I never heard of these two books below, for instance, or the writers, and have no idea what they are about, I just now got them on eBay because I liked the covers:

Beacon - Twisted

deadlu desire

Look at those bosoms on that Bonfils art!  Push-up 50s bras!

And Twisted — the cover seems to hint at incest.  From a Beacon?  I don’t know yet, but I have a feeling the cover is misleading, that the girl’s father is strict and mean and she takes off and rebels, and not that her father is the man on the cover wanting to prove that incest is best in some sort of gutter laden lust of shame!

I am often annoyed when the cover is indeed misleading, if the girl on the cover does’t match the main character.  Bonfils always illustrated a scene in a Nightsand book, unlike Midwoods where Harry Shorten would buy art and have writers compose something around it, or just attach art to a book that doesn’t quite fit the story, like Mel Johnson’s Instant Sex.

In the 1970s and 80s, sex books started to use photos of real people models, believing that is what customers wanted.  Perhaps they did, and perhaps paying a model a few dollars was cheaper than commissioning original art.  I don’t care much for photo covers, and they tend to not fit the stories either.  This is true for today’s erotic books — at Blue Moon Books, sometimes the Avalon art dept. just randomly slapped some photo they had in stock (sometimes even putting the same one on two books); and they would put modern age women on Victorian novels.  Some of my Blue Moon covers I hated, like The Dress

The DressThe dress in the novel is short and black, and the female character is blonde  — the other female is a red-head.  So who the hell is this on the cover supposed to be?

(Note: The Dress is being made into a sexy art film in New York soon, after three years of development, and is available in ebook format at Olympia Press, or you can get it used online.  I wrote it as a novella in 1996, published in The Mammoth Book of New Erotica (edited by Maxim Jakubowski) in 1997; I then expanded it as a full novel in 2001 for Blue Moon.  Of all my erotic books, this one has made the most money, mainly from the film option.)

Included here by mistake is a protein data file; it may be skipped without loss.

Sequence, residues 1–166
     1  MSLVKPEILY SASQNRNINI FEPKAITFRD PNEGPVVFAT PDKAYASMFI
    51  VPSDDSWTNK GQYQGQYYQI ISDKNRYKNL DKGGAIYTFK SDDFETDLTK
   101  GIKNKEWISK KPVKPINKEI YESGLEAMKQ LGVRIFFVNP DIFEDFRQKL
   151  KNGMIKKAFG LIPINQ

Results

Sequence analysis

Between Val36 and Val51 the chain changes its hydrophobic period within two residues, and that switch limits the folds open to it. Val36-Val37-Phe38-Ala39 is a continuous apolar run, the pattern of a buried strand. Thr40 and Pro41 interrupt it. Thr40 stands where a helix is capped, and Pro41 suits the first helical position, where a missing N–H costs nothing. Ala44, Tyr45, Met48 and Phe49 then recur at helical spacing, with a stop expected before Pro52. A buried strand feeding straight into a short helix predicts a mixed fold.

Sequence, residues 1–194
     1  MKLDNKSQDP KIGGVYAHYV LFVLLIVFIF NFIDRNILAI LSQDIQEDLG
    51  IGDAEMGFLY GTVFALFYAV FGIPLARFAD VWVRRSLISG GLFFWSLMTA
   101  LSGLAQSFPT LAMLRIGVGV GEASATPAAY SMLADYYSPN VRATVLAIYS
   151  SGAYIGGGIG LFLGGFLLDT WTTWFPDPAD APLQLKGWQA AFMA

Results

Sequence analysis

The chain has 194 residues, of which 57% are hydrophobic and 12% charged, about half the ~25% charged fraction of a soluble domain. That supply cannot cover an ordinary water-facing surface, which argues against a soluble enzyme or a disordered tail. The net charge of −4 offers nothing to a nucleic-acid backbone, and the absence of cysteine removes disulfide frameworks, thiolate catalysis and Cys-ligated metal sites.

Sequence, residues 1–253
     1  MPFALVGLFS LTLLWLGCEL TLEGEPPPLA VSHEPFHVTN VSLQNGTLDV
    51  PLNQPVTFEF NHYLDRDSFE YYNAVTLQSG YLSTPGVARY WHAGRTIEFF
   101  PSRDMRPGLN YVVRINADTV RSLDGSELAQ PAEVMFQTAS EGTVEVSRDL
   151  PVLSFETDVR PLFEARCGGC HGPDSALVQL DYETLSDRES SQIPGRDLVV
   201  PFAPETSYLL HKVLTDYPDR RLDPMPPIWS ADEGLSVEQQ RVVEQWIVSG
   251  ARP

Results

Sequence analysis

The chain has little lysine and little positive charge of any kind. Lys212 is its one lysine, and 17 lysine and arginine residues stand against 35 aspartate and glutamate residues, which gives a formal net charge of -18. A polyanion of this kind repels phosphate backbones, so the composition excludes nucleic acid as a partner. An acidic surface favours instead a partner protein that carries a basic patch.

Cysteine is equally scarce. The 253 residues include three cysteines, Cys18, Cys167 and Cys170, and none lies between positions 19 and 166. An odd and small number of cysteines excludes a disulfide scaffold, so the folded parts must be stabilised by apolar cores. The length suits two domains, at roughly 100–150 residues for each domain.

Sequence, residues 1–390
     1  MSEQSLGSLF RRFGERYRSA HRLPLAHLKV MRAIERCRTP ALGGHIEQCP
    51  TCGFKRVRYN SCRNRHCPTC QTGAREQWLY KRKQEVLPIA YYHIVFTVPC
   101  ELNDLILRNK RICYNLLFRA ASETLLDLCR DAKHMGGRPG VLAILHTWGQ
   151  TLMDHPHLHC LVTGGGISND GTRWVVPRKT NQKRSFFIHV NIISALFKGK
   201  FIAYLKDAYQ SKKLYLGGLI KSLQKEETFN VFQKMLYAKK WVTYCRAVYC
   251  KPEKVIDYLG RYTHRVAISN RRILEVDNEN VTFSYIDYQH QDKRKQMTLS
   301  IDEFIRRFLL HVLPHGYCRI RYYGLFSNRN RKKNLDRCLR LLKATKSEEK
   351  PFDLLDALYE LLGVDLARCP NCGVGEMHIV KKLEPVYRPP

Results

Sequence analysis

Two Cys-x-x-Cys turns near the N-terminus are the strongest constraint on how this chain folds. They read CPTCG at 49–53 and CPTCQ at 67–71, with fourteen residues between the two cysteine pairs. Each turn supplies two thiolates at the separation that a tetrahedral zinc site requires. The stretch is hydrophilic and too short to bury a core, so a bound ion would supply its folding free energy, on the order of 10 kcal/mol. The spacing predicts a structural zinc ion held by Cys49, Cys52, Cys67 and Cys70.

Some covers I really liked, such as The Rooms

The Rooms

I actually saw the cover before completing the book so I wrote a scene that describes the cover.

For Amateurs, I took my own cover photo —

The amatuers

This was a girl who lived nextdoor, she was from Argentina.  She had a website where she sold pix, and sometimes videos if her having sex with her boyfriend.  I was happy when she agreed to grace the cover of one of my books, just as another female friend appears on the cover of one of my Dr. Mundinger-Klow books:

Klow - Swap

But…they just don’t make paperback or hardcover covers like they used to in the 1940s-60s.  Some imprints imitate the look, like the Hard Case Crime books, and they are cool, but they are just retro — they have the look but not the spirit and the feel.

Here are some other covers that are great, worth the price of admission  alone, but tend to not reflect the actual novel — posted here for your eyeball’s fancy, because I know you’re reading this blog because you dig these nifty covers a much as any other vintage book fan does…

Teen Brides

Lustful Ape

Williams - Bayou Sinners

Rader - Teacher's  PetDykes on BikesNovel Books - Don't Touch My Broad

Wall Street WantonElliott - Flesh BoarderHitt - Sheba

Lord - Husband Chaserbeauchamp - anoyher night another love

G. Klow - Sex Under SixteenAllison - Flesh is My UndoingEllis - teenage Hideaway

Hudson - Gang GirlEllis - Gang GirlHastings - Heat of the Day

Midwood - Penthouse Party